Verdi's Requiem and Benedict's Rule

By Heisey, Daniel J. | Sacred Music, Winter 2010 | Go to article overview

Verdi's Requiem and Benedict's Rule


Heisey, Daniel J., Sacred Music


In 2001, to begin a year commemorating the centenary of Giuseppe Verdi's death, Italy's president, Carlo Ciampi, attended in Parma's cathedral a performance of Verdi's Messa da Requiem. (1) It was an emphatic way to begin a celebration. Verdi's Requiem is, to say the least, not "easy listening" music, and in it one finds a lapsed Catholic's passionate struggle with the mystery of faith, and also of doubt's role in the struggle. "If Verdi never developed a sense of the love of God," wrote one critic, "nonetheless he possessed a convincing fear of God." (2) It has become cliche to refer to the Requiem as "Verdi's greatest opera," but as David Rosen has observed, it "lies somewhere between the poles of opera and symphony," adding that no less a critic than Francis Toye saw it as an oratorio. (3) It is worth recalling that at the root of the word "oratorio" is the Latin word for prayer.

As with opera, Verdi's Requiem has the power of catharsis, and it is a jaded listener indeed who comes away from it without even the beginnings of transformation. A good working definition of opera is Dame Kiri Te Kanawa's description of it as "a moulding of fantasy and illusion," (4) and given that characterization, Verdi's Requiem cannot be classified with Verdi's operas, or even as operatic. Rather, it reveals contours of the ultimate reality. Sacred music is meant to have a role in one's spiritual life, in particular, fortifying the peregrination through this world to the next. This essay will consider the struggle of ongoing conversion, so profoundly communicated by Verdi's Requiem and discursively described in the monastic rule of Benedict of Nursia, a guide for more and more lay people. (5) Both Verdi's Requiem and Benedict's rule affirm the precarious nature of the soul's daily struggle, an aspect of the spiritual life we will explore below.

First, though, we must acknowledge that Verdi's Requiem, as with such works by Wolfgang Amadeus Mozart and Gabriel Faure, may not now be experienced by Roman Catholics within an ordinary liturgical context. Since 1903, with Pope Pius X's Motu Proprio, Tra le Sollecitudini, orchestral compositions based upon liturgical texts are not to be used during a typical Mass. Notable exceptions have been funerals or memorial services for public figures, such as that in January, 1964, in Boston for President John F. Kennedy. (6) The state of music used in Catholic churches around 1900 is beyond the scope of this brief essay, but suffice it to say that Pius X wanted to avoid the ever-changing taste in secular music influencing the music of the church. He may have meant to refer to operatic compositions, but with one exception he steered clear of naming a particular composer. Robert Greenberg believed that in this motu proprio Pius X had condemned Verdi's Requiem, albeit waiting two years after Verdi's death to do so, (7) but the only composer Pius X mentioned by name, and that favorably, was Palestrina. Even so, Greenberg is right that the kind of music the pope sought to promote clearly was not that of Verdi's Requiem; instead, Pius X endorsed the liturgical use of Gregorian chant. Pius X, expanding his range, believed that Renaissance music of the kind written by Palestrina pleasantly complemented Gregorian chant.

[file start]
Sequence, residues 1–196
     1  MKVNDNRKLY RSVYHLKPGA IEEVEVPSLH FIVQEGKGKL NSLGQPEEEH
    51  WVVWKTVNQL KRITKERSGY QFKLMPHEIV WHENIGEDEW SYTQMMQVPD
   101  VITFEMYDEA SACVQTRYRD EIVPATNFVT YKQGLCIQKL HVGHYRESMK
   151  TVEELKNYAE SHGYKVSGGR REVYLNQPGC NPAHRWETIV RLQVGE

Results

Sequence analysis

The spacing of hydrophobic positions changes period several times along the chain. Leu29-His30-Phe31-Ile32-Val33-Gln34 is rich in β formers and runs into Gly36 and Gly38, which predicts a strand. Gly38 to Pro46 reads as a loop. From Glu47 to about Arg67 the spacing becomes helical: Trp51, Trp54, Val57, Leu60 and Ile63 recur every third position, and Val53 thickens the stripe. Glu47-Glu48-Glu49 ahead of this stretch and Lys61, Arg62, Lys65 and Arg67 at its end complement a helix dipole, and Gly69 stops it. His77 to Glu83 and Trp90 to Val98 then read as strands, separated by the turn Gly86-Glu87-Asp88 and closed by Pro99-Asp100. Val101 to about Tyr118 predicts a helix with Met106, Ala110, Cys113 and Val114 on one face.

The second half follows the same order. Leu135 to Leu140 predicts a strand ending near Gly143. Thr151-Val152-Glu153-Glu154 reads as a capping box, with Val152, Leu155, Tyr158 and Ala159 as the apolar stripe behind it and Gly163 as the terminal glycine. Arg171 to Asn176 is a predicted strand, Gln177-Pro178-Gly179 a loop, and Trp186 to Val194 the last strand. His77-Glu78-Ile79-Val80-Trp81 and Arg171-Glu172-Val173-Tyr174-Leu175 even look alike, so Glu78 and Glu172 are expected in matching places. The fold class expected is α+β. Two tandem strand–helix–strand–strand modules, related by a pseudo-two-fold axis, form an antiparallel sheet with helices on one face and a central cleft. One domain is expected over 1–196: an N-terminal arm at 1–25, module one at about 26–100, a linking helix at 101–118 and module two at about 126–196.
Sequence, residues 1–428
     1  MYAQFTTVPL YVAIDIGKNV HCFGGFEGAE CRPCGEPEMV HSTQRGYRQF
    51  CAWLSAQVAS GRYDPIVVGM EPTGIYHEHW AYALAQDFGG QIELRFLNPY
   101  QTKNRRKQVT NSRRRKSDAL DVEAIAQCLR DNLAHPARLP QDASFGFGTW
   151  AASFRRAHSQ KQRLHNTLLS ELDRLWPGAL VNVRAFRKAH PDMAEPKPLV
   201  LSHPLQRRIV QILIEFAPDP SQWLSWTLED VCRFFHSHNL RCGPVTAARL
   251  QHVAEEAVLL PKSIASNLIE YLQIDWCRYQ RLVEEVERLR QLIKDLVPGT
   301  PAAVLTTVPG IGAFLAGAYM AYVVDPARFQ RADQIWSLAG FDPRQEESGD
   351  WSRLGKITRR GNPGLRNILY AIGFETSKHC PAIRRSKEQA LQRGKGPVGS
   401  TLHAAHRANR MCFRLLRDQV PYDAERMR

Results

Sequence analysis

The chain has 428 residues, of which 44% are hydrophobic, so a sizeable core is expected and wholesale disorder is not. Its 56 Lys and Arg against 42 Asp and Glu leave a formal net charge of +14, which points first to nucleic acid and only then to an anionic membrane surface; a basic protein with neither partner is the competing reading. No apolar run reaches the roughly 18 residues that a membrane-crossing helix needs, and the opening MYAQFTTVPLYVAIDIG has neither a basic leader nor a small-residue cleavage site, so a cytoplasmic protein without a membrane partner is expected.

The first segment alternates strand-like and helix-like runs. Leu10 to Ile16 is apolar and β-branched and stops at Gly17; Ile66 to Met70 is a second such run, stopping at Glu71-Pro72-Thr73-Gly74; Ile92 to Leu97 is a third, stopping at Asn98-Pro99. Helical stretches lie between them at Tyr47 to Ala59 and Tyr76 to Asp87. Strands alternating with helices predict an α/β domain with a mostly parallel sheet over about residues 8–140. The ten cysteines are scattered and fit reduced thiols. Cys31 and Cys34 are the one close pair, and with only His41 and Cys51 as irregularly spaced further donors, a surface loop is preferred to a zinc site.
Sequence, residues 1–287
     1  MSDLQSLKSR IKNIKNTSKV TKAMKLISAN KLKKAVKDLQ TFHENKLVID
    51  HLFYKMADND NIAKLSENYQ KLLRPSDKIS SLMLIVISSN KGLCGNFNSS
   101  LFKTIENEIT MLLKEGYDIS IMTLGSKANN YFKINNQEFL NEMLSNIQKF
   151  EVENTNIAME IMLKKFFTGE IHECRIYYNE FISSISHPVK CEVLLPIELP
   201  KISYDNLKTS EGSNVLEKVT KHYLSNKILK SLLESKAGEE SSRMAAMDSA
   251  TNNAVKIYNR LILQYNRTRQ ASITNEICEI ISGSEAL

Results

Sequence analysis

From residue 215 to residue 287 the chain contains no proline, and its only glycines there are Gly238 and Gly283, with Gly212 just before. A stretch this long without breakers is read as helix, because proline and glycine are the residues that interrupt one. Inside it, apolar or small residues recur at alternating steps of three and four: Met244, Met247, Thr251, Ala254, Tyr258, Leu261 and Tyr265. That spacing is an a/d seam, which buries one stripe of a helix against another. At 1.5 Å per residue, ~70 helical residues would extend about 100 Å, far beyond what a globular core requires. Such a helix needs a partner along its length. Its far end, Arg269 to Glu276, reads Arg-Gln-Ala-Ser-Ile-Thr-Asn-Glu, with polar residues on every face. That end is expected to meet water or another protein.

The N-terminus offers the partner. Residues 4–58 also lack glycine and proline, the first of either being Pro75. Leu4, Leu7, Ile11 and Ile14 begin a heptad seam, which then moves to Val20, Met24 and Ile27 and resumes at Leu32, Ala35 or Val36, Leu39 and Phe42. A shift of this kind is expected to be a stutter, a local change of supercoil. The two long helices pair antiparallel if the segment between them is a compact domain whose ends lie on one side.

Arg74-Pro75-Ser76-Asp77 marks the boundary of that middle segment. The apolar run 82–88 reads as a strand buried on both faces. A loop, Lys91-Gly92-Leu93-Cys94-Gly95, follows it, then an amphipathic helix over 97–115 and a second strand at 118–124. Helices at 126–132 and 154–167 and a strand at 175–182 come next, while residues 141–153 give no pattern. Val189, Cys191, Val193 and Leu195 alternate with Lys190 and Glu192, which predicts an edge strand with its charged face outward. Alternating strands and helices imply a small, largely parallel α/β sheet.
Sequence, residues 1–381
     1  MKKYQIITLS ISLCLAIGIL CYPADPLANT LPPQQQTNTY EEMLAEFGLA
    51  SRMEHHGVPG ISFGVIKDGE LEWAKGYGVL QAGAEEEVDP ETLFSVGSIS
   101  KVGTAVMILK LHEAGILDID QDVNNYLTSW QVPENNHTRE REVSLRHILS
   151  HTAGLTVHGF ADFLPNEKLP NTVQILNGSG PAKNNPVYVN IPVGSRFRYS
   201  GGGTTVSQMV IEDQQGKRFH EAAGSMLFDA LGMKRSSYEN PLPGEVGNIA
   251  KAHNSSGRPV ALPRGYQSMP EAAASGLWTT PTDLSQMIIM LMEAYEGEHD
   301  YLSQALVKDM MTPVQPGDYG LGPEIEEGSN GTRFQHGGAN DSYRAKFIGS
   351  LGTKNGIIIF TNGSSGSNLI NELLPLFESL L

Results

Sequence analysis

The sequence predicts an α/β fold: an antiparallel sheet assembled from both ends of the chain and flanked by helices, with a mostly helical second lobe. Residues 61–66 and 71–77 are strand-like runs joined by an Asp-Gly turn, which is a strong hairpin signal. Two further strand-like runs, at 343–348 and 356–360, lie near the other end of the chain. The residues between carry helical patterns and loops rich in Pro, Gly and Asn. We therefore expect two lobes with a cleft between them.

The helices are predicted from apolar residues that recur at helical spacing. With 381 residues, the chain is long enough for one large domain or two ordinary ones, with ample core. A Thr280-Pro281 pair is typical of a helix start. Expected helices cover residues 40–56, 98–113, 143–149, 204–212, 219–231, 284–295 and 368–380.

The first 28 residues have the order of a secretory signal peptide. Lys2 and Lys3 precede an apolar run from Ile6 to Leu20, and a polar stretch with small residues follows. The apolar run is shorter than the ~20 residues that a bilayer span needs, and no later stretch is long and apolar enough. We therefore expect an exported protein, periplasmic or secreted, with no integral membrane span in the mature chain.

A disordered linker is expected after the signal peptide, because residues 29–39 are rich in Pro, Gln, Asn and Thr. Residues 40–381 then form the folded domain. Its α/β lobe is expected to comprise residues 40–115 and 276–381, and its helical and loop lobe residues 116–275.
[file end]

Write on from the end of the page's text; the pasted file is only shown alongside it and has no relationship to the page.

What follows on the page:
Still, Pius X would have been aware of Verdi and his music. As did Wagner in the newly imperial Germany, Verdi dominated the musical scene of the recently united Italy. Greenberg may be right that even Pius X would have paused before crossing swords with a national treasure such as Verdi, although the pope had no qualms confronting the modernist intelligentsia of the day. George Martin correctly noted that "all of Verdi's published sacred works fall foul of the requirements [of the motu proprio] in some way, but this probably would have neither surprised nor disturbed him as there is no evidence that he wrote them for use in churches." (8) Unfortunately, Martin undermined his astute observation by declaring that "Motu Proprio" was the title of the pope's document, a title Martin said "can be translated as 'on the proper form. …

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